Incidence of human immune deficiency virus among injection drug users enrolled in a harm reduction program at Karachi

Date of Award


Document Type


Degree Name

Master of Science in Epidemiology & Biostatistics (MSc Epidemiology & Biostats)


Community Health Sciences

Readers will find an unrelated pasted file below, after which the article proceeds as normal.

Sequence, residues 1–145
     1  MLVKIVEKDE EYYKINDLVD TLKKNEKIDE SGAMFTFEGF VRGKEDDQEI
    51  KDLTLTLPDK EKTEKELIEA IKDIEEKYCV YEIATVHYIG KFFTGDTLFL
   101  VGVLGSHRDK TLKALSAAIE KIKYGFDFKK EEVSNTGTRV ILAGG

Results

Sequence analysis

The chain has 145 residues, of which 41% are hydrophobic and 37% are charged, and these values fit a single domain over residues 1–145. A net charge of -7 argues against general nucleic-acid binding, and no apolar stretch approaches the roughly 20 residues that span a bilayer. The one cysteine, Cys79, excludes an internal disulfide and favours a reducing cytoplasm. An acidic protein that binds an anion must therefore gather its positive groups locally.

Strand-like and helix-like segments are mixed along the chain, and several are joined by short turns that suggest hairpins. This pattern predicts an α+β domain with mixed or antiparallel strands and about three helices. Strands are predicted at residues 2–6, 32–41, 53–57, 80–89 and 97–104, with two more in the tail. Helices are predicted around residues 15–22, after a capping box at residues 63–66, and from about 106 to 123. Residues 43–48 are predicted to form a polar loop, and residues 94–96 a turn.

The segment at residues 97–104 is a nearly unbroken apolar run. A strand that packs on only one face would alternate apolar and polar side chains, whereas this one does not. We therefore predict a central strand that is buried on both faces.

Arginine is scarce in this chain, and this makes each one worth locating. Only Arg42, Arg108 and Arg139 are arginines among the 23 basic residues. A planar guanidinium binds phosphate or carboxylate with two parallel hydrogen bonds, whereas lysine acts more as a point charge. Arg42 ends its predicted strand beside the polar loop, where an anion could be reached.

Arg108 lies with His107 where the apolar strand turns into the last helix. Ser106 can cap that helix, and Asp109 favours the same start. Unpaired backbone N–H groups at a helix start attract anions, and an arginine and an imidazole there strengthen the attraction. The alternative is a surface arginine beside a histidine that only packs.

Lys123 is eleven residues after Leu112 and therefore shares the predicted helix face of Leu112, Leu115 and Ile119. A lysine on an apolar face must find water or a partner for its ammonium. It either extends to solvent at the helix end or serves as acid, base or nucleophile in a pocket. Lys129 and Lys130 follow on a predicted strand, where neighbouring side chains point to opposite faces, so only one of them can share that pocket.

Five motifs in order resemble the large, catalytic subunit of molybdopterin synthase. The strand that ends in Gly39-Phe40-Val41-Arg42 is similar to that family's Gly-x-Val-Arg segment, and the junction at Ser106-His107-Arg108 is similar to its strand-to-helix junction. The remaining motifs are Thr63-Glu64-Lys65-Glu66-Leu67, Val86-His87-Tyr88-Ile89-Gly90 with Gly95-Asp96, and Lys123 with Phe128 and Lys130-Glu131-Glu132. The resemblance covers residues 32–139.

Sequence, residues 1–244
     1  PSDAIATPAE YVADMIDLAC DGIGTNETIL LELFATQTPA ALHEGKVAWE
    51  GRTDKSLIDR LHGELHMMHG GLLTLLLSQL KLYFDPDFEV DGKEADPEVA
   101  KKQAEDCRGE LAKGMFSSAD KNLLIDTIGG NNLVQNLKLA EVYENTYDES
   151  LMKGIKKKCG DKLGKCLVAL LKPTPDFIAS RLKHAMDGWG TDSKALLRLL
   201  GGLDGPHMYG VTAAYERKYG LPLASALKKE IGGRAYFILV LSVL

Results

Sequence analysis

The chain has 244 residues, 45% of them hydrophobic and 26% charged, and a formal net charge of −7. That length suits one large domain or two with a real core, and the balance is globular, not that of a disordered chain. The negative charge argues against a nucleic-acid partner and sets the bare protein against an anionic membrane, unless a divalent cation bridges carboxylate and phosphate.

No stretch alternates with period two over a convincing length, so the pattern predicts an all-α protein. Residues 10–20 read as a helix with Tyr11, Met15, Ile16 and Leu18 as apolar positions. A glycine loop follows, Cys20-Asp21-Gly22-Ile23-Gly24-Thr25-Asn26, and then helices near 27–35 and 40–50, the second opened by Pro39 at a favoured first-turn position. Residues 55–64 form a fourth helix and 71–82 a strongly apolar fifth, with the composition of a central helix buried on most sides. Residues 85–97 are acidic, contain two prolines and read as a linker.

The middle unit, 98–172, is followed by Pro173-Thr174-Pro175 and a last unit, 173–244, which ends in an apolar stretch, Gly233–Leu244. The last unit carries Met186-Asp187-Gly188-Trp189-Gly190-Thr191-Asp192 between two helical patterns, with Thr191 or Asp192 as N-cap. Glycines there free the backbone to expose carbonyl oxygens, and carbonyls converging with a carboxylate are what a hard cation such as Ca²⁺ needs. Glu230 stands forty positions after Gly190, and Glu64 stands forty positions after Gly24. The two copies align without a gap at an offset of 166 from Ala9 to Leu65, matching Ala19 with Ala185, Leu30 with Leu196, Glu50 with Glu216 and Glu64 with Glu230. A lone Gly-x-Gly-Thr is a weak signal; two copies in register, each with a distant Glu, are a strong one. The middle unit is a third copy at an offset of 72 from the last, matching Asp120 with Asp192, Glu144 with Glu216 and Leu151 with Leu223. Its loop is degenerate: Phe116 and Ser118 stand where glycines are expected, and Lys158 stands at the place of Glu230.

Background HIV in Pakistan has transitioned from low to concentrated level epidemic (>5%) among injection drug users (IDUs). Although the HIV prevalence among general population is still low (<0.1%), yet the prevalence is higher among high risk groups (HRG). We have sufficient surveillance data on prevalence but there is dearth of data on incidence rate of HIV. Since the epidemic in the country is mainly driven by the IDUs, the current study captured the incidence of HIV in this group. Objectives The primary objective was to estimate the HIV incidence rate among IDUs enrolled in harm reduction program at Karachi. The secondary objectives were to estimate the risk factors associated with HIV sero-conversion and predictors of loss to follow up among IDUs in the harm reduction program. Methods A quantitative and qualitative study was conducted among IDUs registered in a harm reduction program in Karachi from March-December 2009. We used descriptive cohort design for incidence rate and nested case-control study for factors associated with HIV sero-conversion. We recruited 474 (IDUs) who were HIV sero-negative at the baseline. The cohort was re-tested for HIV status from April-June 2011. For factors associated with HIV sero-conversion, the HIV positive IDUs were taken as cases and HIV negative as controls. Focus group discussions (FGDs) with IDUs and in-depth interviews with the program's implementers were also conducted to gather perceptions regarding reasons for HIV sero-conversion and loss to follow-up. Findings The incidence rate of HIV among IDUs was 13 per 100 person-years (95% CI: 10.92 — 15.67). The mean age of the clients was 31+8 years. In multivariate regression analysis unemployment (AOR: 2.4, 95% CI 1.30-4.56, p-value <0.01), Injecting drugs at streets (AOR: 5.29, 95% CI 1.36-20.59, p-value 0.01), sharing of syringes (AOR: 5.7, 95% CI 2.89-11.37, p-value <0.01), not getting syringes from drop-in center (AOR: 5.0, 95% CI 2.73- 9.17, p-value <0.01); frequency of daily drug use (AOR: 2.0, 95% CI 1.40-2.85, p-value <0.01), were significantly associated with HIV sero-conversion, after adjusting for other variables in the model. In multivariate analysis for the predictors of loss to follow-up, the enrollment of the clients through sources other than the outreach (AOR: 4.7, 95% CI 2.74-7.93, p-value <0.01), being foreigner (AOR: 13, 95% CI 4.86-39.57, p-value <0.01), being non-Sindhi (AOR: 2.6, 95% CI 1.52-4.50, p-value <0.01), being illiterate (AOR: 2.3, 95% CI 1.34-4.11, p-value 0.003), history of incarceration (AOR: 1.8, 95% CI 1.05-3.00, p-value 0.031), being physically disable (AOR: 22.5, 95% CI 1.92-262.31, p-value 0.01), and getting syringes from pharmacies and friends (AOR: 2.0, 95% CI 1.06-3.86, p-value 0.03) were significantly associated with loss to follow-up, after adjusting for other variables in the model. In qualitative analysis, themes were generated and text was coded on the themes. The perceptions regarding reasons for sero-conversion were consistent with the quantitative analysis. In contrast, completely different predictors of loss to follow up were identified in the qualitative arm of the study. Conclusion Although the study included the IDUs associated with a harm reduction program, the incidence HIV was high, the situation calls for public health and policy measures to curb the epidemic

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